Psychoanalytic Approach to Little Red Riding Hood
Although there are numerous approaches employed in understanding literature, the psychoanalytic interpretation most significantly attempts to utilize the symbolic mysteries of a work. In exclusive contrast to the formal approach, which focuses entirely on the wording, the fascinating aspect of the psychoanalytic investigation is that it searches for a purpose beyond that which is strictly in the text. By insinuating the existence of innate and hidden motives, it allows for a broad range of abstract and creative possibilities. When applied to Perrault's, "Little Red Riding Hood," it appropriately suggests evidence toward underlying sexual motivations and tensions. Additionally, this analysis unfolds a constant interplay between forces of the human psyche.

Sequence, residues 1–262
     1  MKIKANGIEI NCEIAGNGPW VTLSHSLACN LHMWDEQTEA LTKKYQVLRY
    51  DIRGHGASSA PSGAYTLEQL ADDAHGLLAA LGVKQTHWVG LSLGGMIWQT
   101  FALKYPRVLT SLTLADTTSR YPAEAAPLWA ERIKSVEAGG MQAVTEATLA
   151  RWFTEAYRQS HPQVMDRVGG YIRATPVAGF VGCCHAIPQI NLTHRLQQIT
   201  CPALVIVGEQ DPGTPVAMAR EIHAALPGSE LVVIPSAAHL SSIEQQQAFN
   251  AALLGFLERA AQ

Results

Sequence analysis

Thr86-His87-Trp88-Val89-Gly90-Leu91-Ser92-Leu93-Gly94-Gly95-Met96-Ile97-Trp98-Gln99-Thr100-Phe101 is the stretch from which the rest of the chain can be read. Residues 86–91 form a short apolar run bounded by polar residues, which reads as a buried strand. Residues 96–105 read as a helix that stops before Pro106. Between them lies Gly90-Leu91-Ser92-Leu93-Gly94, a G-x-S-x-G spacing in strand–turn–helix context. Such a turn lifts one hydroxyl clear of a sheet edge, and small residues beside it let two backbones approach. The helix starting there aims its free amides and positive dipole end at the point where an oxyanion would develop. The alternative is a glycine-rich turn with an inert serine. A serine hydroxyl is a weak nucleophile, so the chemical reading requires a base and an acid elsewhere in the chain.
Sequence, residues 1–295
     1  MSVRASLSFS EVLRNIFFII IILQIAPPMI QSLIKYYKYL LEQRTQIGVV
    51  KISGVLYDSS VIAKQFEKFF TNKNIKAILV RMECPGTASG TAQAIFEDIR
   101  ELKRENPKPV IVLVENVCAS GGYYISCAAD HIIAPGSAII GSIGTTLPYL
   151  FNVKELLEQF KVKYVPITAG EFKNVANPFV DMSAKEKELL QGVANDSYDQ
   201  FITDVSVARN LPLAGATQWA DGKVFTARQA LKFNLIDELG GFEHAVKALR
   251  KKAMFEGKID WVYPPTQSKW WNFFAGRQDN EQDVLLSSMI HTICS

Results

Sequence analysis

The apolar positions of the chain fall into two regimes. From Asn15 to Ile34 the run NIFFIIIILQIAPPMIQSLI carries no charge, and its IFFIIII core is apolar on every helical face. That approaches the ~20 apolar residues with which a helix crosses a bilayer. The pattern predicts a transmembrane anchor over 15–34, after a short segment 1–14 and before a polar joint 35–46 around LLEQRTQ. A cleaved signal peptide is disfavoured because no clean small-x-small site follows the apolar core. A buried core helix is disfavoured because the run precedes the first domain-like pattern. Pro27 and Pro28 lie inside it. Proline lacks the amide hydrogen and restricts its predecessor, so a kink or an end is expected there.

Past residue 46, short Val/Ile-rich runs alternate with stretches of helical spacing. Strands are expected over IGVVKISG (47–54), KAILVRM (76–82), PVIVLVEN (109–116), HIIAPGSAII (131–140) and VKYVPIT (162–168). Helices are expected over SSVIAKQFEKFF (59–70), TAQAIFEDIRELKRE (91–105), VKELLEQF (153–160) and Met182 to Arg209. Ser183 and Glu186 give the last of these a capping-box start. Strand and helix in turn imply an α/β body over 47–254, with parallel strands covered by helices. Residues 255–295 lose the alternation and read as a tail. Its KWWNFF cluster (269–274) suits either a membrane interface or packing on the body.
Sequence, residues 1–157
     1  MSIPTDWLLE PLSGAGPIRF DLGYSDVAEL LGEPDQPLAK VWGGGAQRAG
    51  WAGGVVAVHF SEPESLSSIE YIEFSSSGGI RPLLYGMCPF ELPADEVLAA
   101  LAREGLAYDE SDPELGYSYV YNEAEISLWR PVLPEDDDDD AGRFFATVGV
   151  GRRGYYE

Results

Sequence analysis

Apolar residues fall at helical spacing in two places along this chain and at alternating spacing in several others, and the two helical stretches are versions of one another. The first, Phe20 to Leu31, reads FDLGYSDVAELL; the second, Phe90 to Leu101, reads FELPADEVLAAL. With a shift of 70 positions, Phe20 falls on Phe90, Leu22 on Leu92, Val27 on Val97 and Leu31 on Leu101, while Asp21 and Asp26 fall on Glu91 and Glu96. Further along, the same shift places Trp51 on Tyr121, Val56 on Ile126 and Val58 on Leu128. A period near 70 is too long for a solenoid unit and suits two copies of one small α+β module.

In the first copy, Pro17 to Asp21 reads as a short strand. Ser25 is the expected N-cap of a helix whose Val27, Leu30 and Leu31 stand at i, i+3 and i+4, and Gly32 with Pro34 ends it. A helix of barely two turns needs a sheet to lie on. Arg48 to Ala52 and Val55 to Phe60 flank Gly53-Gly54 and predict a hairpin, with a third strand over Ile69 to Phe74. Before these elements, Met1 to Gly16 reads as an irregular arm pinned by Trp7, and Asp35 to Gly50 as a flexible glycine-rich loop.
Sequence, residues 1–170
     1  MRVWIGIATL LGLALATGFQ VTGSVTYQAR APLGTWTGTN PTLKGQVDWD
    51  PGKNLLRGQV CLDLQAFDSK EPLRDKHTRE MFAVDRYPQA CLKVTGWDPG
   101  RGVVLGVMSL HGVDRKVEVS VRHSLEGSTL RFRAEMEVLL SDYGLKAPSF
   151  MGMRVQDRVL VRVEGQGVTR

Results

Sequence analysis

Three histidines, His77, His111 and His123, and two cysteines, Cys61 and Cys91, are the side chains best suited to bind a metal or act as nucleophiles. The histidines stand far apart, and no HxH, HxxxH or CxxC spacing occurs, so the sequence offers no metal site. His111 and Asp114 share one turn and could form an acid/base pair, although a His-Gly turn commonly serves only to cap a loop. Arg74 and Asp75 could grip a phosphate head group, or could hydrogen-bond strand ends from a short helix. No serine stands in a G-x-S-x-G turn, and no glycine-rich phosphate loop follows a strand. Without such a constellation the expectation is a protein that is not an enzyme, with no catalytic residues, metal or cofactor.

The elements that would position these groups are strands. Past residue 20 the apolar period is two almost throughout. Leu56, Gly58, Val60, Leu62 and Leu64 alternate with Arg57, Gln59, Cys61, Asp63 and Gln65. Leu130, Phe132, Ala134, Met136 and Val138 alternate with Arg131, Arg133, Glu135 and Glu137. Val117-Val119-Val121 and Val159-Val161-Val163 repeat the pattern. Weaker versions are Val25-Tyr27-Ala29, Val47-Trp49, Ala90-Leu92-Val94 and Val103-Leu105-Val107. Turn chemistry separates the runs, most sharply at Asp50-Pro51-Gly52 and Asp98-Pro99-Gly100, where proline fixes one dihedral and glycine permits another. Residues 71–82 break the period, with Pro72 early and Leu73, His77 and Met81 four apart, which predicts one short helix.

Sigmund Freud pioneered the introduction of the psychoanalytical concepts behind his principle theory that all human behavior is primarily motivated by sexuality. Throughout Perrault's version of "Little Red Riding Hood," veiled sexual implications are in abundance. In fact, the moral suggests that the entire purpose of the story is to caution against the "smooth-tongued…dangerous beasts" which like to rob young ladies of their innocence. Likewise, the hungry wolf does not simply eat the grandmother. Instead, Perrault distinctly portrays that before consumption, "he threw himself on the good woman." And furthermore, before digesting the young girl, he invites her into bed. At which point, she "took off her clothes and went to lie down in the bed." After she thoroughly inspects and comments on nearly every aspect of the wolf's "big" body parts, the wolf then "threw himself upon Little Red Riding Hood" to consume her as well. Such obvious references in the text clearly serve as evidence for Freud's theories on interpretive analysis.
Another Freudian theory relating to this story is his belief that society poses a forbidden aura on sexual compulsion,...
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